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Judges overturn 1993 Queens man’s murder conviction after decade-long fight to clear his name: ‘He never wavered’


After serving 26 years behind bars for the murder of his estranged wife, a crime he long claimed he did not commit, Michael Robinson has finally cleared his name.

Robinson, 56, was convicted of murder in 1993 for the murder of home health aide Gwendolyn Samuels, who was killed at the residence of an elderly woman she worked for.

On Wednesday, that conviction was overturned in the Appellate Division of the New York Supreme Court when the judges declared that “there was a reasonable probability that the verdict would have been more favorable to the defendant” if DNA evidence had been admitted at the trial. judgment.

During initial proceedings, Robinson’s defense attorneys argued that he was with his family and could not have killed Samuels. They implicated the woman’s then-boyfriend, who was 19 and had just found out that his girlfriend was pregnant with her child.

The conviction was based on eyewitness testimony from Samuels’ patient, 88-year-old Alveina Marchon, who had significant vision problems, including cataracts in both eyes, Robinson’s attorney, Harold Ferguson, said Wednesday.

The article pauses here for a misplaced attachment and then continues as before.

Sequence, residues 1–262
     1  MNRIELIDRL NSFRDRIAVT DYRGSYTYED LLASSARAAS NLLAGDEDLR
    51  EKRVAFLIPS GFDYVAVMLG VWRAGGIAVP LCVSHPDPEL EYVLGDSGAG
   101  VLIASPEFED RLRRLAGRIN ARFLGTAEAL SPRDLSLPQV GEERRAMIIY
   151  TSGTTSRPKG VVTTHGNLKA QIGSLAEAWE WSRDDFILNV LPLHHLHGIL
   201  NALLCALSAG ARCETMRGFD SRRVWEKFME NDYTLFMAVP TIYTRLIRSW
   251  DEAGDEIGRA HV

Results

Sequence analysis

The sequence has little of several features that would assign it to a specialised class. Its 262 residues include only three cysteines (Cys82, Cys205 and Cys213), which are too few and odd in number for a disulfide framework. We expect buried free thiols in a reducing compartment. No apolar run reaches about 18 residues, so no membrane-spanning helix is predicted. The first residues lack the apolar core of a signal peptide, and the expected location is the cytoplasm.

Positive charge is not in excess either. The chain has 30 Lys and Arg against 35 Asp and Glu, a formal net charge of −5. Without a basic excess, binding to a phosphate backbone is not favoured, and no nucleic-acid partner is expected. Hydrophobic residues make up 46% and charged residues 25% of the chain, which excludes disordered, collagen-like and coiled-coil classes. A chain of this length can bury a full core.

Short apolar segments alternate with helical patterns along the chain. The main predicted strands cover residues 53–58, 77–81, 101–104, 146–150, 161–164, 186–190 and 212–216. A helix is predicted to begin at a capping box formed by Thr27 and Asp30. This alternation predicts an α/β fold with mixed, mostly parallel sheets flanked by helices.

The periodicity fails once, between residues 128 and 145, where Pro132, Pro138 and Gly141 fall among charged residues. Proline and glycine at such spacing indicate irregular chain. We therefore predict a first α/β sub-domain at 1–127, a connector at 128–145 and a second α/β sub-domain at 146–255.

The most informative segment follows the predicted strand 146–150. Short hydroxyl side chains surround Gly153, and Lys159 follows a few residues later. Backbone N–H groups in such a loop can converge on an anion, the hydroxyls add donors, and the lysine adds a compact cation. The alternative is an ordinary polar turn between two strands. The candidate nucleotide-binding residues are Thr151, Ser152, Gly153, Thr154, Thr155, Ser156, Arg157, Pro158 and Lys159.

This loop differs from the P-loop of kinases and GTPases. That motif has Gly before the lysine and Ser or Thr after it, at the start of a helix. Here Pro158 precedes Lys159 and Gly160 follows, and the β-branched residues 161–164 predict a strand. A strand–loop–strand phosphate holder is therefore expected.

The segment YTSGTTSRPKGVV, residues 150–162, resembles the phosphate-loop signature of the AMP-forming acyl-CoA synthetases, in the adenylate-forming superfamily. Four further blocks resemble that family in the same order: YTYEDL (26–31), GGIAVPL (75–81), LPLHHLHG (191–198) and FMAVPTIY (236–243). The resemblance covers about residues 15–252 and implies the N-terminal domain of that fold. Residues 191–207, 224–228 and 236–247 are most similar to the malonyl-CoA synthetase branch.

The jury returned three separate times without remedy, but in 1994, Robinson, then 27, was behind bars in an Orange County, New York prison, where he would remain until 2019.

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“Even in his appearances before the parole board he never wavered,” Fergson told the Daily News. “He has never hesitated to say ‘I am innocent’.”

In prison, Robinson filed several motions in federal and state courts, but all were denied. He also paid and passed a polygraph test.

Michael Robinson, fourth from left, poses with Legal Aid Society (L-R) attorneys Terry Rosenblatt, supervising attorney for the DNA Unit, Jenny Cheung, staff attorney for the DNA Unit, Jessica Goldwaithe, staff attorney for the DNA unit and Harold Ferguson, staff attorney.  office of criminal appeals, Friday, October 25, 2019 in Manhattan, New York.

In 2013, Robinson, who once aspired to be a police officer, filed a motion requesting post-conviction DNA testing of blood samples recovered from the crime scene and stains that were on Samuels’ sweater. Once again, his motion was denied.

After many hearings, it was determined that the city’s Office of the Chief Medical Examiner was in possession of verifiable DNA under Samuels’ fingernails, which was 78.1 trillion times more likely to belong to someone other than Robinson.

Following Wednesday’s ruling, the matter has been sent to the Queens County Supreme Court, with the district attorney’s office to determine whether to retry Robinson.

For now, he’s enjoying the ruling.

“He’s ecstatic,” Ferguson said. “It’s something he’s been waiting for thirty years. He is excited beyond belief.”

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